Mustafa Dzhemiliev: No contact with son held in Russian detention
Banned by the Russian occupiers of his homeland, Mustafa Dzhemiliev, veteran Crimean Tatar leader and Ukrainian MP, will not be able to attend his father-in-law’s funeral in Bakhchysarai. He hopes that the funeral of 91-year-old Mustafa Izmailov will pass without any provocation from the authorities but believes it hard to make any predictions. He himself has no contact with the occupation regime and sees no point in trying to hold any talks with them.
Mustafa Dzhemiliev toldthat he has not seen his wife since June when they travelled together to Poland where the renowned Crimean Tatar leader accepted Poland’s first Solidarity Award and met with world leaders, including US President Barack Obama.
Dzhemiliev has no contact with his son, Khaiser who is now being held illegally in a Russian SIZO [detention centre].
Within 2 months of invading and annexing the Crimea, the Russian authorities and Crimean puppet government banned the 71-year-old Mustafa Dzhemiliev for five years. They have since imposed the same ban on Refat Chubarov, current head of the Mejlis of the Crimean Tatar People.
Dzhemiliev is blunt in accusing the Russian occupiers of open blackmail in holding his son in detention. Khaiser Dzhemiliev was moved in September from a detention centre in the Crimea to Russia’s Krasnodar region. This is in flagrant breach of a directive from the European Court of Human Rights which on July 10 applied Rule 39 ordering that Khaiser be released from custody.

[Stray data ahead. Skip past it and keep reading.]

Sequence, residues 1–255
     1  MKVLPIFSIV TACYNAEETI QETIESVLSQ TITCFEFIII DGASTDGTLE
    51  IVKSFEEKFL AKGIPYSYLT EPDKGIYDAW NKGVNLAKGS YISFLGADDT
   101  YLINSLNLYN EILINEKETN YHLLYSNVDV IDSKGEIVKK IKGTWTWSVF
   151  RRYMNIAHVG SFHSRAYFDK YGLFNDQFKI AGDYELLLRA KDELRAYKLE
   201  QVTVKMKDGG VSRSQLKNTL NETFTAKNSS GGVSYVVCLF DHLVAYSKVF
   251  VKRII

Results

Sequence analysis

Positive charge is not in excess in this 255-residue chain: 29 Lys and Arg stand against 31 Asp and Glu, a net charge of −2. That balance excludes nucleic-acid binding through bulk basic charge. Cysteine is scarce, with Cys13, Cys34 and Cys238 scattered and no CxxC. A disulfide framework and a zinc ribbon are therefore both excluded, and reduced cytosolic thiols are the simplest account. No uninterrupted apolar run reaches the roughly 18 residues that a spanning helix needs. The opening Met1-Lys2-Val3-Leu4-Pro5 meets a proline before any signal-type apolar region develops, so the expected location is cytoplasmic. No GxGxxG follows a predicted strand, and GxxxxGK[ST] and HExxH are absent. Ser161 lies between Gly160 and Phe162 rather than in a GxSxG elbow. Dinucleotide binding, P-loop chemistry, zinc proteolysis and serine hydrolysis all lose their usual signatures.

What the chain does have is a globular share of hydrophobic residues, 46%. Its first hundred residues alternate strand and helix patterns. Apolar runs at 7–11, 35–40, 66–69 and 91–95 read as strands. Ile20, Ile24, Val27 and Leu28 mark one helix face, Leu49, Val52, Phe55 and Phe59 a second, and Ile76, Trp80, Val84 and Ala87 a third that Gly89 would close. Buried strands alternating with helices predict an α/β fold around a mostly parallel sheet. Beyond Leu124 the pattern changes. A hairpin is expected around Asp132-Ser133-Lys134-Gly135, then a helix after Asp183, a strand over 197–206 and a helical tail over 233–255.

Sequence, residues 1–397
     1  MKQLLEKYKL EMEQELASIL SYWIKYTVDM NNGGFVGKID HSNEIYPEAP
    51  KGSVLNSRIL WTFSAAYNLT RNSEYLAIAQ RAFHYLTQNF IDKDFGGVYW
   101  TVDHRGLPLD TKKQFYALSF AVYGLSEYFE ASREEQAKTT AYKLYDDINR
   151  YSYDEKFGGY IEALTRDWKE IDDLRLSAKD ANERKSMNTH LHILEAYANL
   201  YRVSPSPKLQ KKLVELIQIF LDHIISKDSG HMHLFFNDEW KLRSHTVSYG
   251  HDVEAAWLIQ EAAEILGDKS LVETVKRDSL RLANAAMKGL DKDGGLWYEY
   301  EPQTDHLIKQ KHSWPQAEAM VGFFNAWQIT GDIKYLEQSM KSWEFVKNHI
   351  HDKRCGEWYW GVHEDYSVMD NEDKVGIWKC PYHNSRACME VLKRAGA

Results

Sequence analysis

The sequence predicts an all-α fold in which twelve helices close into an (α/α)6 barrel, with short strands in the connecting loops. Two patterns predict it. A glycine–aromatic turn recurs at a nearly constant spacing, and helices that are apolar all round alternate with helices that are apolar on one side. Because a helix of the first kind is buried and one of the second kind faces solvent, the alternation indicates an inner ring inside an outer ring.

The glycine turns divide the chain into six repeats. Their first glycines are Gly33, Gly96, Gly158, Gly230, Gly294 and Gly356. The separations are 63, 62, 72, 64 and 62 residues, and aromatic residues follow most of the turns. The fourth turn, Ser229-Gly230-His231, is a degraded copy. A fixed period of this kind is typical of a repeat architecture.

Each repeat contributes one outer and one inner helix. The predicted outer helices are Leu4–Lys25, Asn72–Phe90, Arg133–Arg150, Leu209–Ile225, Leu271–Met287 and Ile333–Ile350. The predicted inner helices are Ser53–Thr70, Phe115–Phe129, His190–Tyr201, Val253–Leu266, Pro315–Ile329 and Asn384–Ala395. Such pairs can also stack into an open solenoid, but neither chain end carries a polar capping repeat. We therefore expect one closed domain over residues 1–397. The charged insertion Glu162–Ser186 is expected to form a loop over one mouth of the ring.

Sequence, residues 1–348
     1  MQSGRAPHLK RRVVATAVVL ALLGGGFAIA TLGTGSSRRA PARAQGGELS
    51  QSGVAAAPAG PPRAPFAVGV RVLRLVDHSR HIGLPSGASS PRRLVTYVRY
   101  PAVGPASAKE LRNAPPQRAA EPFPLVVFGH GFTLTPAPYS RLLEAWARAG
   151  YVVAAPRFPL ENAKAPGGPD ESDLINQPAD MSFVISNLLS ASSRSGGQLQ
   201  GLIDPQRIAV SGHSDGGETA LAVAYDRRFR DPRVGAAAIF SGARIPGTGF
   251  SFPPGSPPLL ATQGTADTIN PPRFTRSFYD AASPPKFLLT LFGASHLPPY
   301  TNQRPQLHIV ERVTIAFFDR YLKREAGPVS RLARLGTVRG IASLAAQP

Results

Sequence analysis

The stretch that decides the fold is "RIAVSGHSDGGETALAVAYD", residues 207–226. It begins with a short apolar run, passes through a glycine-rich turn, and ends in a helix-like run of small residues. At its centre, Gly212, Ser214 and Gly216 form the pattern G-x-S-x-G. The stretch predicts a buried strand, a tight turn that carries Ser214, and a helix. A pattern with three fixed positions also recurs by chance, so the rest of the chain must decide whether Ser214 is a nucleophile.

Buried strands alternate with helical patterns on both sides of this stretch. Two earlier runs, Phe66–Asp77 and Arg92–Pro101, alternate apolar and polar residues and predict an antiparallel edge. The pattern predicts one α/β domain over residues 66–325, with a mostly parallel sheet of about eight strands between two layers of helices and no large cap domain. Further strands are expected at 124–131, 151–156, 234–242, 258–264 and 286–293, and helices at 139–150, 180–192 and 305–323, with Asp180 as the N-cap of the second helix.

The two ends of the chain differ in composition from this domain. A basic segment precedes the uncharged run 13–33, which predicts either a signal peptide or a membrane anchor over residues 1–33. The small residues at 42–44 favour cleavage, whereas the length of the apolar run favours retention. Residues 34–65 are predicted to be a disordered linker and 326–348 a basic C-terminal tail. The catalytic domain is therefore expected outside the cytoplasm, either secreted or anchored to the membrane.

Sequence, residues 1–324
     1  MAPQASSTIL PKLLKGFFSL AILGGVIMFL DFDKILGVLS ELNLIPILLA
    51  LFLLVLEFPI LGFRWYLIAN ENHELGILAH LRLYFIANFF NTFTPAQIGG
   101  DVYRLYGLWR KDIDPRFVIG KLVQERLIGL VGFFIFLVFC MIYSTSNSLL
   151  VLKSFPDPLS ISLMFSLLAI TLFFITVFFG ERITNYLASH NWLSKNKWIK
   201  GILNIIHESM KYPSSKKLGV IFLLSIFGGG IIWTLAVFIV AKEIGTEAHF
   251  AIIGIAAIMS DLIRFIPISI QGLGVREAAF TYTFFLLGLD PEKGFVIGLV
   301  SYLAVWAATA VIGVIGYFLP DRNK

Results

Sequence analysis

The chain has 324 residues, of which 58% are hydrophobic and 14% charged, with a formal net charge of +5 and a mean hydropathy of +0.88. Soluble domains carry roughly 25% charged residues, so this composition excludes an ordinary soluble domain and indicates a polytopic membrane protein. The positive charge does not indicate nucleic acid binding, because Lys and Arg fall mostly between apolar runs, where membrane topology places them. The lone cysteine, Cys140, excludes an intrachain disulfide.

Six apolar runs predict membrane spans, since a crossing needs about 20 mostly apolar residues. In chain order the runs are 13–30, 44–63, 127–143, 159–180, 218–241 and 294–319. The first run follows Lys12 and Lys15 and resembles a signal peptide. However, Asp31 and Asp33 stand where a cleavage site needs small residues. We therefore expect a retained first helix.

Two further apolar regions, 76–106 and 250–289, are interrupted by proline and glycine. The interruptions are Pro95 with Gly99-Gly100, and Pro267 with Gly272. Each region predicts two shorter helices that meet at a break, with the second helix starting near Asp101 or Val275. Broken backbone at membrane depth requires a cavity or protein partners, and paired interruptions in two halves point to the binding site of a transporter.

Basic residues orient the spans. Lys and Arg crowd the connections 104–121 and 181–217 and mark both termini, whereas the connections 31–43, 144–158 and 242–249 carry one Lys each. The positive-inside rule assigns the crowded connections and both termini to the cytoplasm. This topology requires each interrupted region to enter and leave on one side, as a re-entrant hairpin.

In May 2013 Khaiser Dzhemiliev shot and killed Fevzi Edemov who was working as a guard to the family. All the evidence indicates that this was a tragic accident, and that the correct charge should be of manslaughter through careless use of firearms. Attempts to use the case to put pressure on Mustafa Dzhemiliev were first made under the presidency of Viktor Yanukovych. In 2014, after the latter fled Ukraine, the Kyiv Prosecutor has allowed an application to requalify the crime as manslaughter through carelessness and two Kyiv courts have ruled that Khaiser should be released from custody.
It was because these rulings were ignored that Dzhemiliev approached the European Court of Human Rights, which on July 10 applied Rule 39 ordering that Khaiser be released from custody. European Court of Human Rights judgements, as well as instructions under Rule 39, are binding on all signatories to the European Convention, including Russia. Instead of complying with the instruction, however, Russia moved the young Ukrainian national to Russia.
In August Mustafa Dzhemiliev recounted how he had been approached by Putin’s people who proposed a meeting which, they hinted, could determine whether or not Khaiser Dzhemiliev was released from custody.
Khaiser Dzhemiliev is a Ukrainian national and has not been convicted of any crime. Even if there were justification in keeping him in detention in Crimea, there can be none in taking him into Russia and holding him, effectively, incommunicado.